Distressed property listings at the beginning of the year totalled 5,252, which is 2.4% higher than December last year. 

As per SQM Research, distressed listings include mortgagee-in-possession properties, divorcee properties, deceased estate, and anything that indicates a must-sell situation. 

Such listings are typically sold at lower prices, making them an attractive option for property bargain hunters. 

Queensland has the largest supply of residences under distressed conditions at 1,695, up 2.2% in January.

Monthly increases were also recorded in South Australia (up 2.7%), Northern Territory (up 17.9%), and Tasmania (up 3.4%).

Although Victoria’s distressed listing activity eased 3.7% in January, it was up 17.8% over the past 12 months. 

Notably, New South Wales has posted growth in distressed listings activity monthly, by 9%, and annually, by 16.3%.


Data source: SQM Research

Market warned: Don’t get ahead of yourself just yet

“The 9% rise in NSW for the month was very abnormal and suggests some vendors in NSW are increasingly desperate to offload their properties.” SQM Research managing director Louis Christopher said. 

These figures may be favourable to buyers on the lookout for discounted properties, especially considering median house prices in NSW, particularly in Sydney, have hit record highs at nearly $1.6 million for houses and $800,000 for units.

However, Mr Christopher advised both buyers and sellers against making any impulsive moves.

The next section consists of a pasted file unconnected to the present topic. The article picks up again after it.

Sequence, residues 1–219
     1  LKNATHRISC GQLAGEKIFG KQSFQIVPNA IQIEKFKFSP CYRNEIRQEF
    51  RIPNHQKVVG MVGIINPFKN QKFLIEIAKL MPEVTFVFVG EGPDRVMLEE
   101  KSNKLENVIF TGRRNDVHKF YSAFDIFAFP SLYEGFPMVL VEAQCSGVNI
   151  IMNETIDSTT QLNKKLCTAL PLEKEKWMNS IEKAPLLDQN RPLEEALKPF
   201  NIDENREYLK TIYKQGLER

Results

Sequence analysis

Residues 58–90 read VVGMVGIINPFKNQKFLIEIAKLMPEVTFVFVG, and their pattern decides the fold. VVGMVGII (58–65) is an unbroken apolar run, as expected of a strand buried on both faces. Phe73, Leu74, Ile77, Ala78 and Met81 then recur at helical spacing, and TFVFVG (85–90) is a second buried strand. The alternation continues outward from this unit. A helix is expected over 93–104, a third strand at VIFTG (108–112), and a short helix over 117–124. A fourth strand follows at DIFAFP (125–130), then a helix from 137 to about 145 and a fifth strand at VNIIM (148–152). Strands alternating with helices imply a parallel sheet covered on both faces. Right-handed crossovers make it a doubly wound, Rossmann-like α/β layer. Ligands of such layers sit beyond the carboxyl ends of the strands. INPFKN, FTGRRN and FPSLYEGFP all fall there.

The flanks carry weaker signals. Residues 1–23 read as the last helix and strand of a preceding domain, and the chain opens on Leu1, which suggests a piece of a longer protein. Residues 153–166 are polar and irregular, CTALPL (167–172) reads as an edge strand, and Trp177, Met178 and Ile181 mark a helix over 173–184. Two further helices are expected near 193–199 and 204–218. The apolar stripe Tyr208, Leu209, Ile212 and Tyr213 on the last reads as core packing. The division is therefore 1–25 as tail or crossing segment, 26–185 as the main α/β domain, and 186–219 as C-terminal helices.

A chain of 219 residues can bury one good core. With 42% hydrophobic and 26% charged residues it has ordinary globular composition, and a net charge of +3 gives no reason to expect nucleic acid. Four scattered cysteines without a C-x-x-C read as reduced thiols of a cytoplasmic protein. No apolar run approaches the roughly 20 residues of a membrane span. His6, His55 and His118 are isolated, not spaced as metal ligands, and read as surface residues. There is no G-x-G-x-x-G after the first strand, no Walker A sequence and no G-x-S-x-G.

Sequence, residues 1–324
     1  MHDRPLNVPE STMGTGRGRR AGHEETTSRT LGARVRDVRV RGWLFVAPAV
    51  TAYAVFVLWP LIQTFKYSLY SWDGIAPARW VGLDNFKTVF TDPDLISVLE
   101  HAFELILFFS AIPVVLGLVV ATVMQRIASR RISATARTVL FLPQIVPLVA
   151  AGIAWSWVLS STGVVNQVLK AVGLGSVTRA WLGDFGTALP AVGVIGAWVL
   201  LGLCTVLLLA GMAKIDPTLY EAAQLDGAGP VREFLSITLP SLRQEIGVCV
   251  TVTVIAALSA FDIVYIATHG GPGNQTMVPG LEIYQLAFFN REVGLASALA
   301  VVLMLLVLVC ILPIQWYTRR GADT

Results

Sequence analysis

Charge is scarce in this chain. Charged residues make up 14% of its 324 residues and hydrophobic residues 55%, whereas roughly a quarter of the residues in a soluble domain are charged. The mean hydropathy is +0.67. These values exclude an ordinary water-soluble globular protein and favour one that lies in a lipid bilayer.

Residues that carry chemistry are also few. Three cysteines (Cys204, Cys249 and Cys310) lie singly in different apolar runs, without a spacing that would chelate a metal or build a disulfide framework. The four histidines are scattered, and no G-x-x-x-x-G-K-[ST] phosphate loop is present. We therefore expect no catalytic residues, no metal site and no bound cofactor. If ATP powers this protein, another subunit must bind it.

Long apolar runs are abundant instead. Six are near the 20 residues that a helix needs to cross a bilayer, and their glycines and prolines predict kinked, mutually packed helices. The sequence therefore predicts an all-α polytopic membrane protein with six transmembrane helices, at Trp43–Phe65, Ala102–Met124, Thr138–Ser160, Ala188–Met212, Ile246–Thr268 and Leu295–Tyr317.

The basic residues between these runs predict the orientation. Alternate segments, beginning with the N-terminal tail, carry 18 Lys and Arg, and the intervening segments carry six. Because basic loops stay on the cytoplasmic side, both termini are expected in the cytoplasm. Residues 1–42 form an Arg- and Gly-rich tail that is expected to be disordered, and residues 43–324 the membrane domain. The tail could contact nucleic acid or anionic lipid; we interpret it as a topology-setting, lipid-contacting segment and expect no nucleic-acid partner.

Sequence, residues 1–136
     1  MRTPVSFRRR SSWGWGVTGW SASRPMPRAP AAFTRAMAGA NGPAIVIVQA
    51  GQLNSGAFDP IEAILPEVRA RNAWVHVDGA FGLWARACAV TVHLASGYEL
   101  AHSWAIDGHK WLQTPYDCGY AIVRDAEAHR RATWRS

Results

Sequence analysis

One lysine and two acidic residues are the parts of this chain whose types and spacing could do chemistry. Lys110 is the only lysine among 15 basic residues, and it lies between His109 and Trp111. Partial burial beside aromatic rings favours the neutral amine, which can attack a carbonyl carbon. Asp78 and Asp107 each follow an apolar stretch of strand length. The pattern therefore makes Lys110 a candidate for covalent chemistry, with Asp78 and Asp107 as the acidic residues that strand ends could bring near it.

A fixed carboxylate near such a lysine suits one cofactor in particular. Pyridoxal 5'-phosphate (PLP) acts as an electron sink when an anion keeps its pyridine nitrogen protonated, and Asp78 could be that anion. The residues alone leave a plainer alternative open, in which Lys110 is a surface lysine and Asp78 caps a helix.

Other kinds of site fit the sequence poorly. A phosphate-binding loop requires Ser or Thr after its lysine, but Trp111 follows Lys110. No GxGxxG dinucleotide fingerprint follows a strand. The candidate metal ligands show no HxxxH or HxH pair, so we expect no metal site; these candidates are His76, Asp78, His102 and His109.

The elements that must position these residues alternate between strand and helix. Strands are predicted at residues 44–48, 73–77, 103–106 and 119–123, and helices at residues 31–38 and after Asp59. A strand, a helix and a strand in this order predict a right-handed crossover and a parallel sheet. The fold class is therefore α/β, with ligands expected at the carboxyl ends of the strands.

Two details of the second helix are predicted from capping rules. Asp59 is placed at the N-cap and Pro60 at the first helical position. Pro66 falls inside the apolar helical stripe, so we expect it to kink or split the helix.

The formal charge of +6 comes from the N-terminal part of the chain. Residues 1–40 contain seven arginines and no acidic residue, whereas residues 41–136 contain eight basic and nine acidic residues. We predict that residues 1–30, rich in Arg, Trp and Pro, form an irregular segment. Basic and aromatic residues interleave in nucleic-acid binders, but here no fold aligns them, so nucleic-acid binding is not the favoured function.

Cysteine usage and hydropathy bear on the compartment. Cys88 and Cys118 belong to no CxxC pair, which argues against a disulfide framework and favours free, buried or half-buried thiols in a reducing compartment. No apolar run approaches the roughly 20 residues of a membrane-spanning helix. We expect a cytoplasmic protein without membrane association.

“Yes, it may be a positive sign. Yes, there may be an interest rate cut at some time this year. However, the market right now is very mixed, and vendors need to realise that buyers will be sensitive to any economic slowdown that may be presently occurring,” he said. 

With inflation tracking towards the RBA target band, major bank economists have predicted interest rate cuts happening in the second half of 2024.

Yesterday, the RBA announced its decision to maintain its current holding pattern, keeping the interest rate unchanged at 4.35% in February. 

Though the central bank has softened its tightening bias, the Board is determined to keep its options open given inflationary risks, saying that “a further increase in interest rates cannot be ruled out”. 

Nevertheless, industry experts said the Reserve Bank’s February announcement would benefit the housing market.

“Greater confidence around where interest rates are sitting should support further recovery in buyer and seller confidence,” PropTrack economist Anne Flaherty said.

A better outlook for February

Given the 31% increase in scheduled auction events this week, Mr Christopher is optimistic that February will set to record substantial rises in property listings. 

“There are 2,516 scheduled auction events across the country…suggesting an abnormally strong start to the auction year which will feed through into much higher total listing counts for February,” he said.

The total property listings across capital cities was 220,956 in January, down 5.7% versus the previous month. 

Monthly declines were recorded in all cities, which Mr Christopher said was expected, as January is traditionally a quiet time for listings. 

“The country recorded a typical January hiatus in the housing market. However, forward listings suggest that February will be a very strong month for housing activity,” he said.

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